Running a business ethically that only produces small batches of handmade products at a time means that we have to pay close attention to our pricing structure. Exportation fees, import duties, domestic freight in Argentina and abroad, management of one-off pieces and all the usual expenses associated with running a retail business contribute to our final pricing. We keep our prices as low as we practically can, whilst still being able to maintain growth within the business to ensure a prosperous future for all involved in the chain. We are grateful to our community for supporting handmade, traditional craftsmanship and for allowing us to continue our artisan relationships with remote communities in Argentina.
We recognise that we are accountable for our impact on Mother Earth.
We are constantly reviewing our business practices to reflect this; working on reducing our carbon footprint, working with natural materials, eliminating all plastics from our packaging and shipping processes and ensuring we can continue to provide sustained livelihoods for our artisan partners.
In order to scale our social and environmental impact, we partner with the non-profit organisation One Tree Planted to plant trees in crucial reforestation projects around the world.
With every product sold, we plant a tree. When a Pampa Rug or Print is purchased, we are able to plant 5 trees, and 1 tree for every other Pampa piece.
One Tree Planted runs reforestation projects around the world, in the same places Pampa has its roots: Australia, Latin America and the U.S. This reflects our desire to not only offset our emissions, but to be environmental stewards in the areas where we work and advocate for our local environments. It’s a meaningful partnership for us and an important part of our efforts towards building a better, healthier future for our planet.
THE MATERIALS WE USE
Pampa respects resources by working with natural materials. We are very thoughtful at the time of selecting new materials to work with and always take into consideration the critical situation of our planet’s resources.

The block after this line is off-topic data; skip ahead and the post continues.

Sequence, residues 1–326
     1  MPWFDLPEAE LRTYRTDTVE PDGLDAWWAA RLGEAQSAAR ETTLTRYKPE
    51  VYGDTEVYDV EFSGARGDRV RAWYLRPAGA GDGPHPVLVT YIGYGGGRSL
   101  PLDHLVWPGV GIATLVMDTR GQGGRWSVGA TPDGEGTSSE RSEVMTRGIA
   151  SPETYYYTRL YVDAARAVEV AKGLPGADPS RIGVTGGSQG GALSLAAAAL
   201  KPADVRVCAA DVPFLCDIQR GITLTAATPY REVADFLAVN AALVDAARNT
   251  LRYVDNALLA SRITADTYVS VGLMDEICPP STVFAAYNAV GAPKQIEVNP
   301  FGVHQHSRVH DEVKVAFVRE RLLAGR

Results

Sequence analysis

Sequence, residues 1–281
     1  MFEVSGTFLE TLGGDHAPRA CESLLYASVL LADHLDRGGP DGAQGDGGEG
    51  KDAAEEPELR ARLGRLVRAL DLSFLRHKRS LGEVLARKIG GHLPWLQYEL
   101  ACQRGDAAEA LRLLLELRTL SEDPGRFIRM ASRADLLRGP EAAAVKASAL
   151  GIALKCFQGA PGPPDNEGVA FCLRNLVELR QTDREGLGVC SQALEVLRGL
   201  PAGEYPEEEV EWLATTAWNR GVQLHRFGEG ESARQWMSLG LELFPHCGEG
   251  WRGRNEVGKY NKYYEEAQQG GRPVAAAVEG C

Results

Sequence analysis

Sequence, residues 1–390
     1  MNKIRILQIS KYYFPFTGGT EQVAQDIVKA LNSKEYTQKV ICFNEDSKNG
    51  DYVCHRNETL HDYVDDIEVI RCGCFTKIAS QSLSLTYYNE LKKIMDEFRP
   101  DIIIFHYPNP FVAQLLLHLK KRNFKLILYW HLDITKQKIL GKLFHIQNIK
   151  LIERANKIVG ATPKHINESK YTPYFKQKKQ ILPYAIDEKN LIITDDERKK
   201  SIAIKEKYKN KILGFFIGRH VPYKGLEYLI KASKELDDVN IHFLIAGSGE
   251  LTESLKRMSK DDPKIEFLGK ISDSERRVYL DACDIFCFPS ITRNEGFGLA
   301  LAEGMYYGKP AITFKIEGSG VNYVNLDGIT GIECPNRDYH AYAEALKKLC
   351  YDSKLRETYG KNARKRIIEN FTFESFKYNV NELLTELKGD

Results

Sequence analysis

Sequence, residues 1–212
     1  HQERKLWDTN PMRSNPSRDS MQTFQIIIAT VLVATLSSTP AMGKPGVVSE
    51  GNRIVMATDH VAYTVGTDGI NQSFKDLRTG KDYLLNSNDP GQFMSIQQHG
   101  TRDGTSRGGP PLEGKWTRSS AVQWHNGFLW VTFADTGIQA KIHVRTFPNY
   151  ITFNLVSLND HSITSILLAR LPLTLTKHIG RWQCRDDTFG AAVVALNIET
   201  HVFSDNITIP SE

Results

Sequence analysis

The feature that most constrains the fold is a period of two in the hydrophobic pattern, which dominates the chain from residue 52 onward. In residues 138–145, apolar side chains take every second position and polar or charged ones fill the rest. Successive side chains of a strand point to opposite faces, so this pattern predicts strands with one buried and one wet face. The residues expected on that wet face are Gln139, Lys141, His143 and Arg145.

We love wool, especially sheep and llama’s wool which we use in all our handwoven rugs and textiles. Wool on its own is a natural, breathable and renewable fibre with low environmental impact and provides warmth and comfort to any room. All of our rugs are made from 100% hand-spun sheep wool, except for our intricate weave rugs which have a hidden internal cotton warp, which amounts to 3% to 4% of the fibre used in these rugs.
Most of our throws, ponchos and scarves are woven with llama’s wool, which is amazingly soft and luxurious. Some collections are a blend of llama wool, sheep’s wool and cotton.
Our cushions are all handwoven with 100% sheep’s wool, except for the Porteño and Puna cushions, which have the underside made of fabric from a local Argentinean supplier and then finished by a very small group of tailors.
The inserts we use inside of our cushions are filled with a PET fibre which is derived from cleaned and recycled water bottles. For every kilogram of PET fibre produced, more than 70 water bottles can be saved from going into landfill or potentially our oceans.
More recently, we began to work with Argentinean leather. Since Argentina is renowned for its leather, it was only a matter of time before we began working with this versatile material for Pampa. Leather production in Argentina has gained notoriety worldwide for its high quality, traceable origins and the use of traditional techniques, we are very proud to include it in our offering as a celebration of craftsmanship and the empowerment of cultural traditions.
The leathers we source are all vegetable-tanned using natural elements and are shaped, handled and finished by artisan groups. It is treated with great care and respect, alongside the artisans we appreciate how special and valuable a material this is. The leather we use is a by-product of the cattle industry, meaning it would otherwise go to waste if not used.